New York Times
November 22, 1983
By Frank Rich
qualities that have made Garry Trudeau's comic strip ''Doonesbury''
a national treasure are all present in the musical-comedy
version at the Biltmore Theater. You'll hear the offhand
dialogue that snares the self- contradictions of college kids of
the 1960's. You'll find some sly political jokes aimed at
targets as ideologically diverse as William P. Clark and Jane
Fonda. Best of all, you'll notice that the tone of Mr.
Trudeau's work is intact: on stage, as in the strip, Mr. Trudeau
speaks in a sweet voice that lifts him well above the madding
crowd of diurnal satirists.
more literal specifics of the newsprint ''Doonesbury'' have been
preserved as well. Jacques Levy, the director, has engaged
young performers who not only look exactly like the members of
Mr. Trudeau's Walden Puddle commune but also sound just as we
always imagined they would - even when they sing. Peter
Larkin and Patricia McGourty, the set and costume designers,
have done a clever, light-handed job of duplicating the spirit
of Mr. Trudeau's airy funny-pages doodling.
wonder, then, that ''Doonesbury'' is a pleasant show. The
surprise is that it's dull. A few bright interludes
notwithstanding, this musical never catches fire. Some of
the shortfall can be traced to conventional failings of craft in
Mr. Trudeau's book and a weak score by Elizabeth Swados.
There is also a philosophical problem. Aren't we all, Mr.
Trudeau included, getting a bit tired of watching 60's-style
students as they beat a hasty retreat into the big chill of the
Trudeau seemed to acknowledge as much when he suspended his
comic strip early this year. After more than a decade, he
and his many imitators (on and off the funny pages) had said all
there was to be said about such archetypes as Zonker, the
spaced-out tanning-fanatic from California, or Mark, the
hipper-than-thou disk jockey. In his book for the musical,
Mr. Trudeau wants to be done with these characters altogether:
the show's premise places the Walden crowd on the eve of
graduation, as they venture into the real world seeking jobs and
the commencement exercises don't occur until the final scene,
Mr. Trudeau must invent other story twists to fill up the
evening. Zonker's uncle Duke - a recreational drug
enthusiast originally inspired by the journalist Hunter Thompson
- conspires to bulldoze the students' off- off-campus house and
replace it with condominiums. Mike Doonesbury awkwardly
tries to court the feisty J. J., and J. J. tries to come to
terms with her long-lost mother, Joanie Caucus. Yet the
plotting seems perfunctory, as if the author is only killing
time while waiting to bid everyone adieu.
of the book scenes are enervated rehashes or continuations of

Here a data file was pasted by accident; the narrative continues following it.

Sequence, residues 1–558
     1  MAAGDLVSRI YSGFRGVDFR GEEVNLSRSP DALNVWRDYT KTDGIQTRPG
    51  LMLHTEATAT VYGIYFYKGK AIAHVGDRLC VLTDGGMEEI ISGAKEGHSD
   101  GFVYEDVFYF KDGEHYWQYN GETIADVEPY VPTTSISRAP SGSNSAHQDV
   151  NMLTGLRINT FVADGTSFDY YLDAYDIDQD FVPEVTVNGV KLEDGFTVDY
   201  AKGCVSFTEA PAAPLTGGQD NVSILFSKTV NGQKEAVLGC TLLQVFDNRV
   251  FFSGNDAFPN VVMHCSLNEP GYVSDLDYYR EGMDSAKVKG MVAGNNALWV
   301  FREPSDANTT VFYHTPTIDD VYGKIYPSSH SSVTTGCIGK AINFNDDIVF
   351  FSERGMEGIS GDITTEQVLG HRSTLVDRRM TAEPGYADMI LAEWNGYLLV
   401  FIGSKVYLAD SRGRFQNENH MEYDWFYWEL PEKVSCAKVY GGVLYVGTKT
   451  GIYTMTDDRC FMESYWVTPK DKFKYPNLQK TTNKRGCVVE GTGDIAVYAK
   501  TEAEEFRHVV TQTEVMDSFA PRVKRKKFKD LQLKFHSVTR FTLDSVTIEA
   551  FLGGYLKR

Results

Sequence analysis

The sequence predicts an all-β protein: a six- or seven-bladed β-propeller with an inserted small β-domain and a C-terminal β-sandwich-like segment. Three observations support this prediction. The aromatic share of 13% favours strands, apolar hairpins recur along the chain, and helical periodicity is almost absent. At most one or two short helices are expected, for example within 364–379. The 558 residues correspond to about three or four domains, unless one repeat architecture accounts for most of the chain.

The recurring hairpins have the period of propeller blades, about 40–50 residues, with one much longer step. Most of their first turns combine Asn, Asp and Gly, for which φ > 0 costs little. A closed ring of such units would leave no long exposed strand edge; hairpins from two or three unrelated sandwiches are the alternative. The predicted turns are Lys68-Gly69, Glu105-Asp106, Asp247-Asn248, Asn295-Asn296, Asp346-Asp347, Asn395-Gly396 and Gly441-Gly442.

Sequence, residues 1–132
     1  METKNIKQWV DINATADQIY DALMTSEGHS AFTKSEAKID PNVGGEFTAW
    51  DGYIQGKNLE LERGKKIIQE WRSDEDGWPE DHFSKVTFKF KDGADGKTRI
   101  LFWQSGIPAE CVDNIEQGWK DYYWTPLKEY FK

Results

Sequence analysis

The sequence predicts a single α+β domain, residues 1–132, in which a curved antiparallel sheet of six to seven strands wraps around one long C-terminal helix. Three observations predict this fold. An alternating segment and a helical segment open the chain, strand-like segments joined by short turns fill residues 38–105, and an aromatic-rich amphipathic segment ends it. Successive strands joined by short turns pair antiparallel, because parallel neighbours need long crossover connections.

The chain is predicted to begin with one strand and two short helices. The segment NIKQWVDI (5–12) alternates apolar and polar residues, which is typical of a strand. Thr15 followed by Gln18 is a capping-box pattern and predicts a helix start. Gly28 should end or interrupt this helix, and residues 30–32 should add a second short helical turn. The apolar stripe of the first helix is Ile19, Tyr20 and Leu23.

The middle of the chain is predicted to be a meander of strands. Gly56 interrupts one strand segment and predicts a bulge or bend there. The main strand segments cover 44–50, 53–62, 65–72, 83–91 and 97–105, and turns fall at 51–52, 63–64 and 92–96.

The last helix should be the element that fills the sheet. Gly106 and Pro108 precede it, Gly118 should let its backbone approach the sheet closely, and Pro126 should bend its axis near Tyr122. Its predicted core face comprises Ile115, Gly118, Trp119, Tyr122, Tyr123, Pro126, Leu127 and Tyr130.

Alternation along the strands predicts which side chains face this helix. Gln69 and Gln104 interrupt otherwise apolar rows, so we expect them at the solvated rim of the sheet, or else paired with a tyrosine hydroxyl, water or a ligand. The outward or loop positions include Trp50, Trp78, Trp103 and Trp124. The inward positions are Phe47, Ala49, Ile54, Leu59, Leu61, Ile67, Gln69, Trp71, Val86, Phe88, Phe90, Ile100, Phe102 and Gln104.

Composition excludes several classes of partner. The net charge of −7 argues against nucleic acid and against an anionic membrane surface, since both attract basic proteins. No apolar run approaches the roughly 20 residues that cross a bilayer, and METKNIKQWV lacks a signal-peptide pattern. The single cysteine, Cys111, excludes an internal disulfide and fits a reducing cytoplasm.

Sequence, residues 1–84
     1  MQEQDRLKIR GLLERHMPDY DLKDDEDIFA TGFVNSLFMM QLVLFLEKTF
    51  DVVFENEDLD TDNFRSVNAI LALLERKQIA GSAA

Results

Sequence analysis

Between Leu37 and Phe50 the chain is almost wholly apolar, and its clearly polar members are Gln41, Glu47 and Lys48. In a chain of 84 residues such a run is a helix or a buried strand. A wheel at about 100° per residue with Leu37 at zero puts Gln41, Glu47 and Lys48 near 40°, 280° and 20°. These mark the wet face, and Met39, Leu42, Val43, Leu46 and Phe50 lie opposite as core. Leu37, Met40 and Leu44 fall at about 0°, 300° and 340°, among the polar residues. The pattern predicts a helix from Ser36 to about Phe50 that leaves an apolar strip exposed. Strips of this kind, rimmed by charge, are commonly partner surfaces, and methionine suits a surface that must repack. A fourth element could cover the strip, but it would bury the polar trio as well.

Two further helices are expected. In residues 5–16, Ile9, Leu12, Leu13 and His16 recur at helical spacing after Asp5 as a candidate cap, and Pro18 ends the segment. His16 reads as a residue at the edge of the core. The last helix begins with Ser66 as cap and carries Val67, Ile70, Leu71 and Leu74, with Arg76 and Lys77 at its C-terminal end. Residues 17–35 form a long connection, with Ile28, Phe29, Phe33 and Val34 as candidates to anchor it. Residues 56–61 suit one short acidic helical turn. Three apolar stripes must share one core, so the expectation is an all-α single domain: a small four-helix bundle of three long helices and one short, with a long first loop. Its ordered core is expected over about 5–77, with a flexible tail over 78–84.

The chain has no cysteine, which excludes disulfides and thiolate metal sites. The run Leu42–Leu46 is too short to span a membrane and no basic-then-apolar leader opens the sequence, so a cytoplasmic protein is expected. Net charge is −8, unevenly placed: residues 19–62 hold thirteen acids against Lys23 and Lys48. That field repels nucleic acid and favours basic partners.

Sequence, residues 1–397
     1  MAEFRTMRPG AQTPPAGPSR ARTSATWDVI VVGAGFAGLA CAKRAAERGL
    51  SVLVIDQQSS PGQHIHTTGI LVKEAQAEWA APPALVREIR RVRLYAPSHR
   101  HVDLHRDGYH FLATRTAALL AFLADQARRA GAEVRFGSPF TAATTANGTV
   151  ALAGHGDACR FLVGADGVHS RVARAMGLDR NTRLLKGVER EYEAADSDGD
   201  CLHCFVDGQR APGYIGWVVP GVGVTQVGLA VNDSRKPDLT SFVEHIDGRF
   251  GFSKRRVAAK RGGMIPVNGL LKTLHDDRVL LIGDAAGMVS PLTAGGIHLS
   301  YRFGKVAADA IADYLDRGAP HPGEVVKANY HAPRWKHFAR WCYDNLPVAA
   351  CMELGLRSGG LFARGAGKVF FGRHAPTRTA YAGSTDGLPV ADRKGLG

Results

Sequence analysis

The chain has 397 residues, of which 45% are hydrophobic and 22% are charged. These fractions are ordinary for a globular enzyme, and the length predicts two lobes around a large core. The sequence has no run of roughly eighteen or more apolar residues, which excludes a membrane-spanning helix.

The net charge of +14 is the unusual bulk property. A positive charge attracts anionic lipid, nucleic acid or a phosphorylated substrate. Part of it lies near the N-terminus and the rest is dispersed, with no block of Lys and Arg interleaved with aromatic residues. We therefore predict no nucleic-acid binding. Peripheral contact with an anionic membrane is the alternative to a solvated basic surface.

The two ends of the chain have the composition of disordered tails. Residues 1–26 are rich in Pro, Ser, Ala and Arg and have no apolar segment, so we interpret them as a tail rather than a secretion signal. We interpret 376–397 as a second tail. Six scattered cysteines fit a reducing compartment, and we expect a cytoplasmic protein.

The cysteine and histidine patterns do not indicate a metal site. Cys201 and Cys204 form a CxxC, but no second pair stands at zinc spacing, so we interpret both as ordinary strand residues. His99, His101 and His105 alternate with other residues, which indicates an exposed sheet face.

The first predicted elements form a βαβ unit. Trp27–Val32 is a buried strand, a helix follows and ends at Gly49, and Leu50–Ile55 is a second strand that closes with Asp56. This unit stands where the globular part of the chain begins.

old strips. The show's flimsy structure only accentuates
its warmed-over feel. Mr. Trudeau is torn between writing
a standard musical-comedy narrative (complete with mawkish
resolutions) and a series of sketches, with the result that
neither form is realized. (For some reason the punchlines that
precede the blackouts are the flattest in the script.)
Only the straight political gags have bite. At various
arbitrary times - but not enough times - a cartoon White House
suddenly descends and we laugh heartily at the topical, piped-in
lines that Mr. Trudeau has given to our incumbent President.
enough, Mr. Trudeau's song lyrics, his first ever, are far
better than his book; perhaps the tight discipline of
comic-strip writing has provided him with the miniaturist's
discipline required. In the funniest (if most irrelevant)
song, a preppie chanteuse named Muffy declares, ''I love Nancy
Reagan / I love Ronnie, too / What a pity their money is so
new.'' It's too bad that Miss Swados accompanies such
words with merrily intentioned but mostly flavorless music,
wanly played by an on-stage, synthesizer-laden four-man
band. ''Doonesbury'' cries out for a score by Randy Newman
- or, failing that, one with the zip of such Broadway
progenitors as ''Bye Bye Birdie,'' ''Grease'' or ''Hair.''
Sappington's choreography is as minimalist as the music.
But Mr. Levy's efficient staging and lively cast keep the show
moving, however vague its destination. With the exception
of Gary Beach's vastly oversold Duke and the nondescript
contributions of Lauren Tom (Duke's Chinese sidekick Honey) and
Barbara Andres (Joanie), the performers could not be
better. They include Ralph Bruneau and Kate Burton as the
haltingly lovesick Mike and J. J., Keith Szarabajka as the
football-crazed B. D., Albert Macklin as Zonker, and Reathel
Bean as the most fatuous ABC-TV newsman ever to appear on
''30/30.'' That fine actor Mark Linn-Baker does as well as
possible by Mark, whose big song is especially lackluster.
class by herself is Laura Dean, as the blond cheerleader Boopsie.
''I Can Have It All'' is the title of her solo turn, and this
performer does have it all: she is a charismatic singer, dancer
and comedienne who is good- naturedly sexy without ever becoming
a stereotype. Watching her, we remember how sweetness and
sharp humor came together to ignite ''Doonesbury,'' the comic
strip. ''Doonesbury,'' the musical, too often seems pale
by contrast: the Walden gang has finally grown up, and, as Mr.
Trudeau might pejoratively put it, mellowed out.
the Real World
book and lyrics by Garry Trudeau; music by Elizabeth Swados;
based on ''Doonesbury'' by Mr. Trudeau, by permission of
Universal Press Syndicate; choreography by Margo Sappington;
directed by Jacques Levy; scenery designed by Peter Larkin;
costumes designed by Patricia McGourty; lighting designed by
Beverly Emmons; sound designed by Tom Morse; orchestrations by
Miss Swados; arrangements and musical direction by Jeff Waxman.
Presented by James
Walsh, in association with Universal Pictures. At the
Biltmore Theater, 26l West 47th Street.